But it seems to us that fashion designers have faces or have chosen ambassadors for their brands. Has there been a particular woman that actually inspired you in a particular collection?

I don’t think that one collection should be designed for one person or one brand to a certain type of woman. I think that women are more complex; they have different aspects and faces.

I always try to design for women with different personalities. For example, for this collection I thought of Marisa Berenson (American model-turned-actress) who is a very dear friend of mine. But at the same time, for this collection, I can also think of a young lady like Milla Jovovich with twisted elegant; she knows how to mix and style herself, she does not conform to what everybody else does, and she does things on her own way.

For me beauty is not about perfection, it is more about the personality and attitude. For example in my men’s show, I also put women in the show dressed like men’s clothes that were kind of iconic for me. The female models I use for my fashion shows are beautiful, yes, but they are strong women, and I think this is what matters more in my work. And since I took over Kenzo menswear in 2008, I am trying to make Kenzo unique as one universe, compact and telling one story for both men and women.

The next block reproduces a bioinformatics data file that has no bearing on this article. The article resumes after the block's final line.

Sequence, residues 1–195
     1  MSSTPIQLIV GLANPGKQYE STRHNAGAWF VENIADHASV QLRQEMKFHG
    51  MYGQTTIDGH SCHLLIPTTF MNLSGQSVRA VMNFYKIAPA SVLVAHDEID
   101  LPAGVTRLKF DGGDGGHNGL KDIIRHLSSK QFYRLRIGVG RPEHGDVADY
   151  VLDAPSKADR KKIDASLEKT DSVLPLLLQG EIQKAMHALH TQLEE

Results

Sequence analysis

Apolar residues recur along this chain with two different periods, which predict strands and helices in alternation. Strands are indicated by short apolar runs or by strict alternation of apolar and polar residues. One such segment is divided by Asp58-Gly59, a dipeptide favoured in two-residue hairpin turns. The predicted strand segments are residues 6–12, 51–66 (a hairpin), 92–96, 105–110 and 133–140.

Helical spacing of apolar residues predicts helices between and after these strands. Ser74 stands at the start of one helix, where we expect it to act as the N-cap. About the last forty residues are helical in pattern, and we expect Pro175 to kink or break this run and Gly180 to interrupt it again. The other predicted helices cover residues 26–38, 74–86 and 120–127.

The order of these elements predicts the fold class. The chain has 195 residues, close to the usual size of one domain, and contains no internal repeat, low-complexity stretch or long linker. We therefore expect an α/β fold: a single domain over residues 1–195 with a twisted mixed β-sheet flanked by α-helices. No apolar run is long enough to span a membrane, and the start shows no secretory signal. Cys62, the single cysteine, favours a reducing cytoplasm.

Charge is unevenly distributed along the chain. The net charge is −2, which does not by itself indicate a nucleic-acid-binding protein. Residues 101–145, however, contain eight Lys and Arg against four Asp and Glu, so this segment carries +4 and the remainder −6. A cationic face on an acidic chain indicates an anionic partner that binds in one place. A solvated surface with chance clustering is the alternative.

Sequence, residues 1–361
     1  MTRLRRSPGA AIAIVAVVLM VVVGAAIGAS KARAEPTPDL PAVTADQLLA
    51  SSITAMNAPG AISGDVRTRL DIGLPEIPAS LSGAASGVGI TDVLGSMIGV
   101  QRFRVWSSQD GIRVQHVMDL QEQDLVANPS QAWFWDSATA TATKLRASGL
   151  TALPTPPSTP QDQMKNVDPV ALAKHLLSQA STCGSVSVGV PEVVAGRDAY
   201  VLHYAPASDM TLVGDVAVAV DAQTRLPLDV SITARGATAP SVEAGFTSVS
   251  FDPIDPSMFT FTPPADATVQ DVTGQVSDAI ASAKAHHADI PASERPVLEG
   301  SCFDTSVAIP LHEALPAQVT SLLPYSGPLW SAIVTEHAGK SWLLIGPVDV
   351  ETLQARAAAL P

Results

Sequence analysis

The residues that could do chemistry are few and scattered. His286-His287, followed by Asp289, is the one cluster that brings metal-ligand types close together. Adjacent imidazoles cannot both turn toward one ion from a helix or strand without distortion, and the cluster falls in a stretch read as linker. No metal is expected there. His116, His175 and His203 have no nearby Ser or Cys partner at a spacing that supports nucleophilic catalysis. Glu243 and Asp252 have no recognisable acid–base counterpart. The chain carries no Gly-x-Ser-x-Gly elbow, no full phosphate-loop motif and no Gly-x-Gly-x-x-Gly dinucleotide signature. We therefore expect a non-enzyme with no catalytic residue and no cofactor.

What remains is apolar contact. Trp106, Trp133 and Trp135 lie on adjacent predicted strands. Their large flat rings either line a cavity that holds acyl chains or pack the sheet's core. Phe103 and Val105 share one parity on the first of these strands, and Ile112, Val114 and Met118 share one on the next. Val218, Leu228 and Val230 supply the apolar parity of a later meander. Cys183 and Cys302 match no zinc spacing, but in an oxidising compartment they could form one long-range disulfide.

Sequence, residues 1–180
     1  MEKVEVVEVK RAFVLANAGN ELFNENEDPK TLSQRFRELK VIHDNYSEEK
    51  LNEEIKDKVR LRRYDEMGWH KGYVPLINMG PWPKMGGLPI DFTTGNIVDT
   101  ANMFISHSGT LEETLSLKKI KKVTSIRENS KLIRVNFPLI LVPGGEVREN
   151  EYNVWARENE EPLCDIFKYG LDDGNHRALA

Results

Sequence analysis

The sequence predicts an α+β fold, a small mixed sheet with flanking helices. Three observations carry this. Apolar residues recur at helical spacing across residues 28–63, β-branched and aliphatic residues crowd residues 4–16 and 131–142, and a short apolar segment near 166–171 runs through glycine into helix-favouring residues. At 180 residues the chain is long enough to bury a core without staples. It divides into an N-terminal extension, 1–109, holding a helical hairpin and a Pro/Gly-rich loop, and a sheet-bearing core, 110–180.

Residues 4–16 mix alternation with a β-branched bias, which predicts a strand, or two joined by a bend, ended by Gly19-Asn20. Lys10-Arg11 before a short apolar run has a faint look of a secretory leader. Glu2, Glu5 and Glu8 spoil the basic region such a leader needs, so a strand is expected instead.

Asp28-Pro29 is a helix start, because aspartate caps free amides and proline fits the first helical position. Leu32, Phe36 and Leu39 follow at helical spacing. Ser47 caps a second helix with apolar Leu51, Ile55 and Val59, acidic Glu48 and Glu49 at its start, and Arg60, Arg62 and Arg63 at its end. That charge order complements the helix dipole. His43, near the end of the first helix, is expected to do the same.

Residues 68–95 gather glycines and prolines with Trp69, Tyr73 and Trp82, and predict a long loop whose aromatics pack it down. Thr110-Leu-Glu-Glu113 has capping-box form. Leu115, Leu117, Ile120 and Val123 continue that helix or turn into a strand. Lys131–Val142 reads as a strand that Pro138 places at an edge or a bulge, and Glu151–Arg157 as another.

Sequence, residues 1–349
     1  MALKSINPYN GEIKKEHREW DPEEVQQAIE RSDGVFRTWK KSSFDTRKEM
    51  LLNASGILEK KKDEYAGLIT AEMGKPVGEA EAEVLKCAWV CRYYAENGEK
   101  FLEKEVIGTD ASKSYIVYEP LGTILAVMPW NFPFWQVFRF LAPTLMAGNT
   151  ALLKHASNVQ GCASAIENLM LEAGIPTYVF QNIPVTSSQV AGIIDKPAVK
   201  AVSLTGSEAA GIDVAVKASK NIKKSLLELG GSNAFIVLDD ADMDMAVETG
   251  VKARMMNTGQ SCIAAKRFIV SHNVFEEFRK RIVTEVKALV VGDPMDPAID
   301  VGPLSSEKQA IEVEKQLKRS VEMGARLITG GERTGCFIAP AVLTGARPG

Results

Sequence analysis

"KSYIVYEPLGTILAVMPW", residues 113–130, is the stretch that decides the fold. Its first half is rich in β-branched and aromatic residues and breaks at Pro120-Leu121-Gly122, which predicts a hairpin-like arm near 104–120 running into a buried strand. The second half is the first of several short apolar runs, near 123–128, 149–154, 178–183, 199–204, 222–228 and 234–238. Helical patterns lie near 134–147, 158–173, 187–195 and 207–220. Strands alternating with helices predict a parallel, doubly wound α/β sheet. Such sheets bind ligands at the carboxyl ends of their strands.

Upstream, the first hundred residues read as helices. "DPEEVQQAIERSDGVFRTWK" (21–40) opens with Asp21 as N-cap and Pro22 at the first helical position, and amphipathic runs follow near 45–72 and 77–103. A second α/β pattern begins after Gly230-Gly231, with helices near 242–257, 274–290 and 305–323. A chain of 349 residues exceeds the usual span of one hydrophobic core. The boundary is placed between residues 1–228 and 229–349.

As you’ve mentioned your womenswear, we understand that you’re showcasing the Middle East launch of your Autumn/Winter 2010-2011. Can you walk us through the idea behind this collection, and the important pieces in it?

The starting point of this collection entails two elements that seem to be very opposite. I wanted to mix the closet of bourgeois ladies – conservative, very ’70s style – say Marisa Berenson, a very elegant beauty, and mix it with the wild side of Maria Schneider of Paris. I imagine a woman who wears ultra-tailored and masculine yet very chic pieces, but at the same time under the coat they also wear huge maxi dresses filled with flowers and prints. Our collection entails elaborate tailoring and classical with lots of gypsy white; it combines two different worlds from two different closets of a woman.